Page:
Posts tagged ‘Lake County’

Mega-Waves from Lake Superior Storm: Tettegouche State Park, North Shore, Minnesota – October 10, 2018 (photos & video)

October 10, 2018

After unsuccessfully chasing a rare Sabine’s Gull on Duluth, Minnesota’s Park Point, I realized how big the waves on Lake Superior were. I knew that the wind had been blowing hard all night, but I hadn’t put 2 and 2 together…Until I saw the flooding in Canal Park. The parking lot by Duluth’s canal and Marine Museum was already flooded and closed off. I parked as close as I could and skirted the floodwaters behind a hotel. Sheltering in a cluster of pine trees some 100 feet from the shoreline, I started snapping photos. Every few minutes, a series of bigger waves would roll in and explode around the East Pier Breakwall Lighthouse (photo below). I had to frequently turn my back on the lake and shelter my camera from the spray. I had rubber knee-high boots on and a rain coat, but it did little to protect me when a massive wave broke out of my peripheral vision and soaked me up to my waist. This wave must have been significantly bigger than the rest since up to this point only a couple times had the water even reached me. Time to go!

I headed up the North Shore for Tettegouche State Park. The huge rhyolite cliffs there are at a perfect angle for taking on the giant waves of a nor’easter storm. I called my photographer friend Paul Sundberg who intimately knows the photo opportunities on the North Shore (See his website here). It was no surprise that when he answered his cell phone I could hear the wailing wind in the background. He was already shooting the super-waves. He pointed me towards Crystal Bay on Lake Superior near Illgen City. He said the fall colors made for a unique shot since most big storms happen in late spring (no leaves yet) or during the “Gales of November” (leaves all gone). Paul is very generous with his info and I thanked him as we crossed paths at the spot. He’d already been shooting for a couple hours and was headed to find lunch. I took his spot.

The highest cliffs in these photos are about 80 feet tall I believe. That puts some amazing perspective to these monster waves. I took photos with my Canon 7D and Canon 70-200mm f4 lens, while simultaneously shooting video with my Panasonic GH5 on a tripod next to me. I didn’t record good audio just because I didn’t think about it. Wish I would have.Waves Lake Superior cliffs storm Tettegouche State Park Lake County MN Stensaas IMG_4803

Crystal Bay, Tettegouche State Park, Minnesota, Lake Superior (October 10, 2018)

[Canon 7D with Canon EF 70-200mm f4 USM lens at 70mm; 1/800 second at f8; ISO 800; handheld; processed in Lightroom]

Waves Lake Superior cliffs storm Tettegouche State Park Lake County MN Stensaas IMG_4797

Crystal Bay, Tettegouche State Park, Minnesota, Lake Superior (October 10, 2018)

[Canon 7D with Canon EF 70-200mm f4 USM lens at 70mm; 1/1600 second at f8; ISO 800; handheld; processed in Lightroom]

Waves Lake Superior cliffs storm Tettegouche State Park Lake County MN Stensaas IMG_4759

Crystal Bay, Tettegouche State Park, Minnesota, Lake Superior (October 10, 2018)

[Canon 7D with Canon EF 70-200mm f4 USM lens at 70mm; 1/800 second at f8; ISO 800; handheld; processed in Lightroom]

Waves Lake Superior cliffs storm Tettegouche State Park Lake County MN Stensaas IMG_4779

Crystal Bay, Tettegouche State Park, Minnesota, Lake Superior (October 10, 2018)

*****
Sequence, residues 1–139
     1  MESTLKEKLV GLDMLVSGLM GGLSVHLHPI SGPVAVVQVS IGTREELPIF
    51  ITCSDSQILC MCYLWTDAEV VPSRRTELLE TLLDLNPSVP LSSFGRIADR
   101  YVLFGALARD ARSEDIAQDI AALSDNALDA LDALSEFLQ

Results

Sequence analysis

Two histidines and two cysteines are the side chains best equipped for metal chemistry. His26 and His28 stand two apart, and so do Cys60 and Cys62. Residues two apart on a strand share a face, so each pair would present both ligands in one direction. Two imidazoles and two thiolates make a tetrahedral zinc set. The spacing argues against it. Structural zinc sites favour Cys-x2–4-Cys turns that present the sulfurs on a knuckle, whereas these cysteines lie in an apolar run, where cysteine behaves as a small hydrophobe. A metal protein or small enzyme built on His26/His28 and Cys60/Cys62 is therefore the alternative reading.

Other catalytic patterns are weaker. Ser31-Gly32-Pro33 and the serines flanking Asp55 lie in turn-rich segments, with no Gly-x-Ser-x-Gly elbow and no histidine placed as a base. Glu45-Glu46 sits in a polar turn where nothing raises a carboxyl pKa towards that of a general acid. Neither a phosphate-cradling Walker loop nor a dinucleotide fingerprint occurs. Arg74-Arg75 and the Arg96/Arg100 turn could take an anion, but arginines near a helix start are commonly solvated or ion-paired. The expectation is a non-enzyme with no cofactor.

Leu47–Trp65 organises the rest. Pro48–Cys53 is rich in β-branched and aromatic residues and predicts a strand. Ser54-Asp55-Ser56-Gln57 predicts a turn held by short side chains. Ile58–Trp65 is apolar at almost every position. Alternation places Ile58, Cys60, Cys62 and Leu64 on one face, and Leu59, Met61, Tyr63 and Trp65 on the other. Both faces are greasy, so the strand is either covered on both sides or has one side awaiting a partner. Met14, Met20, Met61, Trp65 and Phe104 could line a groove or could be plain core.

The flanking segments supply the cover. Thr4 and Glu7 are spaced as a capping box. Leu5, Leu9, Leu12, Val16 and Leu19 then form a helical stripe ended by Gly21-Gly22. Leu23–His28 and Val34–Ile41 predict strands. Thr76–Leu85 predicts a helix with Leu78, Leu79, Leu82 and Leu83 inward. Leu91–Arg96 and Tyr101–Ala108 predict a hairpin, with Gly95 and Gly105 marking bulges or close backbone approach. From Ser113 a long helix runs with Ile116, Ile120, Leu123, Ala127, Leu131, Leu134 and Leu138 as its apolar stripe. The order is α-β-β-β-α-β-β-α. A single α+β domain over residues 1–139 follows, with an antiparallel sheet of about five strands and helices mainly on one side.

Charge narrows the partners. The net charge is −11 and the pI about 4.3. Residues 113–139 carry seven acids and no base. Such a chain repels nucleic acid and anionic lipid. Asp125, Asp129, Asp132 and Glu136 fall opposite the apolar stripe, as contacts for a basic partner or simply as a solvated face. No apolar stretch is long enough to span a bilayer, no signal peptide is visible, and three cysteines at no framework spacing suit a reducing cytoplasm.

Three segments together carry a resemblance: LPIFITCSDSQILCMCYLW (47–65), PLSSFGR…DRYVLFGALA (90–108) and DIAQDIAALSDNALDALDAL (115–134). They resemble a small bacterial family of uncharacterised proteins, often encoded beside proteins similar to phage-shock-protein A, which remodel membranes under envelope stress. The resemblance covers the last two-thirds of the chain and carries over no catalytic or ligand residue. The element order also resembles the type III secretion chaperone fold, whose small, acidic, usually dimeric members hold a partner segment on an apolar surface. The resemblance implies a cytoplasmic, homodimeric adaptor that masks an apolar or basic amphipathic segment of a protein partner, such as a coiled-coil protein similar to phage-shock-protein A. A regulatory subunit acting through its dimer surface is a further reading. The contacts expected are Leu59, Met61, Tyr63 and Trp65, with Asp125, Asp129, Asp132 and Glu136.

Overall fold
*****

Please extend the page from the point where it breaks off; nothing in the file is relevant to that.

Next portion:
[Canon 7D with Canon EF 70-200mm f4 USM lens at 180mm; 1/500 second at f8; ISO 800; handheld; processed in Lightroom]

Waves Lake Superior cliffs storm Tettegouche State Park Lake County MN Stensaas IMG_4734

Crystal Bay, Tettegouche State Park, Minnesota, Lake Superior (October 10, 2018)

[Canon 7D with Canon EF 70-200mm f4 USM lens at 100mm; 1/640 second at f8; ISO 800; handheld; processed in Lightroom]

Waves Lake Superior cliffs storm Tettegouche State Park Lake County MN Stensaas IMG_4752

Crystal Bay, Tettegouche State Park, Minnesota, Lake Superior (October 10, 2018)

[Canon 7D with Canon EF 70-200mm f4 USM lens at 70mm; 1/800 second at f8; ISO 800; handheld; processed in Lightroom]

Waves Lake Superior cliffs storm Tettegouche State Park Lake County MN Stensaas IMG_4676

Crystal Bay, Tettegouche State Park, Minnesota, Lake Superior (October 10, 2018)

[Canon 7D with Canon EF 70-200mm f4 USM lens at 154mm; 1/640 second at f8; ISO 800; handheld; processed in Lightroom; processed in Lightroom]

Lighthouses Canal Park wave storm Lake Superior Duluth MN Stensaas IMG_4580

East pier lighthouse; Canal Park, Duluth, Minnesota, Lake Superior (October 10, 2018)

[Canon 7D with Canon EF 70-200mm f4 USM lens at 140mm; 1/500 second at f8; handheld; processed in Lightroom]Lighthouses Canal Park wave storm Lake Superior Duluth MN Stensaas IMG_4623

East pier lighthouse; Canal Park, Duluth, Minnesota, Lake Superior (October 10, 2018)

[Canon 7D with Canon EF 70-200mm f4 USM lens at 140mm; 1/500 second at f8; handheld; processed in Lightroom]

Video shot with Panasonic GH5 with Sigma 50-500mm lens at 50-200mm (depending on shot) on Benro tripod;  frame rates varying from 30fps to 180fps (super slow motion). Created in iMovie.

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Spruce Grouse video (check out those sexy red “eyebrows”!)

Birders and photographers from across North America put the Spruce Grouse high on their list of highly desirable target birds. Many of the folks I guide in winter would love to add this grouse to their life list. We usually cruise Superior National Forest roads at dawn hoping to catch a glimpse of one picking grit along the shoulder. And we pray that no logging trucks have already spooked (or smashed) the birds before we get there. Like many boreal birds, it is not rare, but rather rarely seen, due to the inaccessibility of their remote boreal forests and bogs in Canada, Alaska, Maine and Minnesota. Lake County has a reputation for being THE spot to find them (They do not occur in the Sax-Zim Bog).